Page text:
Taking the above into consideration—with the enormous benefits of twenty-twenty hindsight— we could forecast something along the lines of mid-single digit growth for Coca-Cola in 1998. This would be a sign that the business is far closer to maturity and its high-growth phase is probably coming to an end. Had we compared our estimates of intrinsic value in 1998 with the market price, we probably would have seen a huge disconnect. The market was pricing in far more optimistic prospects for Coke at the time; however, had our forecasts been correct, the future returns were bound to be subpar at best.
Now, let’s take a look at Wal-Mart in 1982, ten years after their initial public offering. They were generating net sales of about $2.4 billion across 491 stores in thirteen states. It wasn’t unfathomable to assume that their everyday low pricing business model (EDLP) was a huge success, and that they could easily expand across all fifty states. Fast forward to today and they have 11,500 stores across the globe and generate over $0.5 trillion in sales (up over 200x from 1982 or about 15% per annum).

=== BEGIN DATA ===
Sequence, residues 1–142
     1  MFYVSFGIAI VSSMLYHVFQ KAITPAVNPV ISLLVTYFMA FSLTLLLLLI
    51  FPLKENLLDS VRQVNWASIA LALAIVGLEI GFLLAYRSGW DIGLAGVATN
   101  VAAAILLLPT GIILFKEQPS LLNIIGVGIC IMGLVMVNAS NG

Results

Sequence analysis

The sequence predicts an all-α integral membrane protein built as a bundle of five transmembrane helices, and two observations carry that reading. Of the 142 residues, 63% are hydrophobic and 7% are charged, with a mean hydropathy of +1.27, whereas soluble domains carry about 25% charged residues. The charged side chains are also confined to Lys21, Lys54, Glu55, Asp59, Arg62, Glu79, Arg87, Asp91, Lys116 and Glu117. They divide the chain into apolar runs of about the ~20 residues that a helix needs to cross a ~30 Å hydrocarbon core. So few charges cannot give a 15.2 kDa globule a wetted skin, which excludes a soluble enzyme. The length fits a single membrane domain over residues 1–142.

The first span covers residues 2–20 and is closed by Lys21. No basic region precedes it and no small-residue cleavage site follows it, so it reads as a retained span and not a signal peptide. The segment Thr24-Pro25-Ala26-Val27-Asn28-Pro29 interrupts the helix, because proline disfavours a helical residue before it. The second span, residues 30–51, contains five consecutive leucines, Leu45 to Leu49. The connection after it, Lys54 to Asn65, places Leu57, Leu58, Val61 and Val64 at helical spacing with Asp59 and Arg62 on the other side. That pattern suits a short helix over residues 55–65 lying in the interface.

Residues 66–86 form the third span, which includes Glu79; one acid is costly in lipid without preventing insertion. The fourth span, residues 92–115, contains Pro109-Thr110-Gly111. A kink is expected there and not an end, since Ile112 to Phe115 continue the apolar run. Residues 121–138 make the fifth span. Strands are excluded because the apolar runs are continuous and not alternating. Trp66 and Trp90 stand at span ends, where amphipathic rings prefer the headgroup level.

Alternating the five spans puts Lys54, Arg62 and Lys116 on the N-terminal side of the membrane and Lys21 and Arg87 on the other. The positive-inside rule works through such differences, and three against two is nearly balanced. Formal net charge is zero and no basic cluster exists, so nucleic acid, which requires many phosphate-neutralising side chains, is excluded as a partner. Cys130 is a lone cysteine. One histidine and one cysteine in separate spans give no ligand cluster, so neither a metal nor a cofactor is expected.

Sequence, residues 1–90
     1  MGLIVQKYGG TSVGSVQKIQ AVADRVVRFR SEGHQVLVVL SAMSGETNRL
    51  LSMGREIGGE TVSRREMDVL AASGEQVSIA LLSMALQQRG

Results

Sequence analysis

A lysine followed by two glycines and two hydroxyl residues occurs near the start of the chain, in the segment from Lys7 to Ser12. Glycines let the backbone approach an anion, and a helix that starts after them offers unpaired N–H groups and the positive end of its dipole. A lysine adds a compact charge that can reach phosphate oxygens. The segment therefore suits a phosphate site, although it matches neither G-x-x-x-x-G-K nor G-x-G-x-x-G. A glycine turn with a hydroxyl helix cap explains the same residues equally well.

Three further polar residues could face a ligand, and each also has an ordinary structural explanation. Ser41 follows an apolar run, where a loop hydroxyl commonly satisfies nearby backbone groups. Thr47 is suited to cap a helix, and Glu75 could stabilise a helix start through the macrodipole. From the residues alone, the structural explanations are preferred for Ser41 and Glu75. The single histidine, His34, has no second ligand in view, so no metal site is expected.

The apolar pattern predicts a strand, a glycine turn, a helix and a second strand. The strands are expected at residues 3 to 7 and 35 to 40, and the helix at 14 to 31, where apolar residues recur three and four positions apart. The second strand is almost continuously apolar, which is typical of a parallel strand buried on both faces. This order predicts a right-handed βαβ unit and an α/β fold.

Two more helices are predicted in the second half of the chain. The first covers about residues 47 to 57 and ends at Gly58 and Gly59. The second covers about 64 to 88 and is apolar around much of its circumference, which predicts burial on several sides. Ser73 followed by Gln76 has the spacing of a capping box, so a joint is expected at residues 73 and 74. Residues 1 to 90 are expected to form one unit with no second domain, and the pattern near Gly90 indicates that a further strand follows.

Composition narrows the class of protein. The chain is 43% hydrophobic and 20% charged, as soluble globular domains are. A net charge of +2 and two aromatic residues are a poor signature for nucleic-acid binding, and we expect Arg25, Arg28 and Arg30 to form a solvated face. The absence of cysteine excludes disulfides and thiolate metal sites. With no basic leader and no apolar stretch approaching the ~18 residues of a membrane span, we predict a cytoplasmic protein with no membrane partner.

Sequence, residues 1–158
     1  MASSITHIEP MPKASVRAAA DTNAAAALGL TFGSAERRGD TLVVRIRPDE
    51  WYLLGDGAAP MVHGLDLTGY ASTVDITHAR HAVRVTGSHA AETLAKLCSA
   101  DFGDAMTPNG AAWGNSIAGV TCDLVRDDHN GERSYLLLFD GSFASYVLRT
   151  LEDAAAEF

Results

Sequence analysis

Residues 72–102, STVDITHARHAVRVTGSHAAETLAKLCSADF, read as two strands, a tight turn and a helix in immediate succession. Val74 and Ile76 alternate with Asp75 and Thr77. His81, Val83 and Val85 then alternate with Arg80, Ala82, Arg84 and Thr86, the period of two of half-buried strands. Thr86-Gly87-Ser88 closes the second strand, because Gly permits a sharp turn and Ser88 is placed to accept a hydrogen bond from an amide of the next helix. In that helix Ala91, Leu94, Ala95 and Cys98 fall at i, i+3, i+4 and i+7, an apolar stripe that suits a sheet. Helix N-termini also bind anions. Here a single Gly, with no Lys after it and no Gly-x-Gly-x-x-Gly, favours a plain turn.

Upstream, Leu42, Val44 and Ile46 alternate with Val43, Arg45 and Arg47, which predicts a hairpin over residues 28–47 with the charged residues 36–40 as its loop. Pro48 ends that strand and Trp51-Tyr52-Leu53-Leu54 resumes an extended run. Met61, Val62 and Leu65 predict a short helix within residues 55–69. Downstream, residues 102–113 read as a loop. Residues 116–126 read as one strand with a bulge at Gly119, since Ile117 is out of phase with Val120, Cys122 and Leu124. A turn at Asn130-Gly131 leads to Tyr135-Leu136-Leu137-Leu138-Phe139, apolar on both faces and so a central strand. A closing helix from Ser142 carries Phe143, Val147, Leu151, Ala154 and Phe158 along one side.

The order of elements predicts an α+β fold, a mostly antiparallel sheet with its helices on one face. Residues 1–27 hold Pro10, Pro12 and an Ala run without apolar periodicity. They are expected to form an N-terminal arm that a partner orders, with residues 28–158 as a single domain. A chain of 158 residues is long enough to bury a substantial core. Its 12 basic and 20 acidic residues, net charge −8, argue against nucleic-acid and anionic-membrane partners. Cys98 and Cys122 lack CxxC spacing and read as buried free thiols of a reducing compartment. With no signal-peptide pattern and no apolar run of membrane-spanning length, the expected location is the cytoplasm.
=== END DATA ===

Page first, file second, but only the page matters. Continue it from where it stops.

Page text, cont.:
In addition to the total addressable market mental model mentioned above, I also find it helpful to estimate forward five or ten year returns relative to the current market prices of our holdings. For example, if we purchase a business that I think we can sell for 6x in ten years, we will earn about 20% per annum. If that same business after year one increases in price to 4x, we will earn only about 4.6% per annum over the next nine years. If I think over the next nine years I can find an idea that will do better than 4.6% per annum, I should theoretically sell and redeploy that capital into a more favorable investment opportunity.